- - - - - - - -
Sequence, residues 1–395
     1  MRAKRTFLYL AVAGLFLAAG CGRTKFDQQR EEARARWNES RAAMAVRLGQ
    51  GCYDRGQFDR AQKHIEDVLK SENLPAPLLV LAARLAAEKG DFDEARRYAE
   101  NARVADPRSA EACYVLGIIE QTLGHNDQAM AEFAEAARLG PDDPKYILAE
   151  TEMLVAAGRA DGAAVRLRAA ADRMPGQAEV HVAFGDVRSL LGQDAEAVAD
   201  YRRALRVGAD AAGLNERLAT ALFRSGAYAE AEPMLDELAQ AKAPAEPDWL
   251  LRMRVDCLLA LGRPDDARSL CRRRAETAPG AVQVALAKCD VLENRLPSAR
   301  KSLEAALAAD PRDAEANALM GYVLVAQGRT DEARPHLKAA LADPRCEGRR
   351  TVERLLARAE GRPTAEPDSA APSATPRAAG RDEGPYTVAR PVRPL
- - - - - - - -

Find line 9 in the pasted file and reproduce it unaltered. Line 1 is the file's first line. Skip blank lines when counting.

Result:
   351  TVERLLARAE GRPTAEPDSA APSATPRAAG RDEGPYTVAR PVRPL